Remember Franklin Williams? A couple of weeks ago, I wrote about Franklin, an arborist who died recently, leaving a legacy I remember each spring.
Several years ago, Franklin talked me out of hiring him to cut down my mayhaw tree, which looked to be on its last legs. He promised the tree would rebound, and it did, producing a cloud of tiny white blooms the following spring. The pleasure the mayhaw has continued to give us is a nice reminder of Franklin’s quiet faith in growing things.
My own faith in the resilience of nature is a lot shakier. Every winter, I look at the mayhaw’s gnarled canopy, as ugly as a claw, and doubt once more that its flowers will return. But last week, while standing at the mirror for my morning shave, I noticed a patch of white from the corner of my eye, turned toward the window and saw the mayhaw’s new blossoms for the season. Snowdrop flowers frosted all the branches. How could such a gift have arrived so suddenly, like a parcel left on the stoop?
More than likely, the mayhaw hadn’t bloomed as quickly as I thought it did. It had probably blossomed over days, beyond my awareness as I zipped up and down the driveway on my way to work, the grocery, the dozen other obligations that consume a week.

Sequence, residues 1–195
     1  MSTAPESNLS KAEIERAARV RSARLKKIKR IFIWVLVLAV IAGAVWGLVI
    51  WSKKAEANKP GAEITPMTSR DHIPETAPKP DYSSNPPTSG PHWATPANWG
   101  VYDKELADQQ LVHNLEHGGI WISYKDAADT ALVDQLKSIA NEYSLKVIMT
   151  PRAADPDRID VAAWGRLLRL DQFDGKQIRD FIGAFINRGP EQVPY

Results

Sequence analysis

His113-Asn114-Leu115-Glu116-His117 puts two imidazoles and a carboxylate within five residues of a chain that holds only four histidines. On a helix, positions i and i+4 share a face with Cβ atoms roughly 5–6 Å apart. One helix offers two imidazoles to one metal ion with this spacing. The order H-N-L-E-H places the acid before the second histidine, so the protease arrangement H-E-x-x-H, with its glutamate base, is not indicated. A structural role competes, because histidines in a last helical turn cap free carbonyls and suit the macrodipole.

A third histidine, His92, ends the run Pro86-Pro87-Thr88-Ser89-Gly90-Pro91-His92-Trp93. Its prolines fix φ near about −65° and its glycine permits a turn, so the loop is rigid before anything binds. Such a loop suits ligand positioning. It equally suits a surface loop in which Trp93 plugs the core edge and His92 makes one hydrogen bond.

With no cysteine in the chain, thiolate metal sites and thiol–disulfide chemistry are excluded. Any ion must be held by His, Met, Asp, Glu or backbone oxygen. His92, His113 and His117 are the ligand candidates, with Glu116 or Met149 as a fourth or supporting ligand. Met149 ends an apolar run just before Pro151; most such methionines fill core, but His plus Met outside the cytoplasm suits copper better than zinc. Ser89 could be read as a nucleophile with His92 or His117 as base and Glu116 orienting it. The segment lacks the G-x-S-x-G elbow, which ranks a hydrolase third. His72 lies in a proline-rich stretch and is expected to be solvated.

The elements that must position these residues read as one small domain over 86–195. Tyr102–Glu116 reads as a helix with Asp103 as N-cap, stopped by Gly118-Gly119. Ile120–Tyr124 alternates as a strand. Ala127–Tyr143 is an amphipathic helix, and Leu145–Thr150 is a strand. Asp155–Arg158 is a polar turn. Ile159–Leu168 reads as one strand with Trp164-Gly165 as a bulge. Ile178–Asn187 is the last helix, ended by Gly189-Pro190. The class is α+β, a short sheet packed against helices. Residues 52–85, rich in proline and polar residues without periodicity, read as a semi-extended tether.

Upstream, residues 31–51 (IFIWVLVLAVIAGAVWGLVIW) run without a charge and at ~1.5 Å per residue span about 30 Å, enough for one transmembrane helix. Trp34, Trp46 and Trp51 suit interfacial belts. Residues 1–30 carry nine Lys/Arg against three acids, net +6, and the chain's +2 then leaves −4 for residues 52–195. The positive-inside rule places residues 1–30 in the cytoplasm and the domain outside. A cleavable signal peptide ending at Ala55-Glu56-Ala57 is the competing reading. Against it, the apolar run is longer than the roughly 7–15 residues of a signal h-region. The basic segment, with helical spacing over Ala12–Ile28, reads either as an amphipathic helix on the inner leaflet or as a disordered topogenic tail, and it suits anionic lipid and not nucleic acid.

Spring’s approach is easy to overlook, especially in the groggy week after Daylight Saving Time forces us to lose an hour. The time change is like a skipped heartbeat in the season’s calendar, leaving us vaguely confused and a little light-headed.
To preserve the mechanism of my chiming clock in the living room, it’s best not to wind the hands back one hour, but forward by 11, a little exercise that gives me the illusion of traveling into the future.
Like most people, I tend to live mentally in the future, anyway, charting the week with scribbles on a to-do list that grows even longer than the new spring’s lengthening days.
Spring is a heavy task master. I will need to get the lawnmower serviced, scrub the patio, mulch the flower beds and plant the new citrus tree that waits in its pot on the porch, like a child begging for adoption.
But amid its assignments, spring also tugs at my sleeve, demanding that I do nothing more ambitious than simply recognize its growing presence. It’s why there are more walkers in my neighborhood this month, strolling down the sidewalk, enjoying their liberation from overcoats and welcoming the chance, on good days, to see winter in retreat.
Our terrier confuses all walkers with the postman, that solemn bearer of bills, and barks a warning throughout the house. But I try to tell him that there are other walkers bringing better tidings — the carolers of spring, which officially arrives on Friday. Consider that your good news for the day.
Danny Heitman is on Twitter, @Danny_Heitman.